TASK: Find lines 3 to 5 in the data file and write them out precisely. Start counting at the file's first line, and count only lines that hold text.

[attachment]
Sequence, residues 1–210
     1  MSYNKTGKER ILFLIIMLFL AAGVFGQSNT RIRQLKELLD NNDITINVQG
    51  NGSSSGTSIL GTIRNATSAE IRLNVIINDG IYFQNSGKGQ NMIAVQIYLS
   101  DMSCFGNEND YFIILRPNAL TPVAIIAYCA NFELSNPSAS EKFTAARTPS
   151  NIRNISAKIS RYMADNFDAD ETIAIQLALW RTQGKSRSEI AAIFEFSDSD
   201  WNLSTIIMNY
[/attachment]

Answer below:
    51  NGSSSGTSIL GTIRNATSAE IRLNVIINDG IYFQNSGKGQ NMIAVQIYLS
   101  DMSCFGNEND YFIILRPNAL TPVAIIAYCA NFELSNPSAS EKFTAARTPS
   151  NIRNISAKIS RYMADNFDAD ETIAIQLALW RTQGKSRSEI AAIFEFSDSD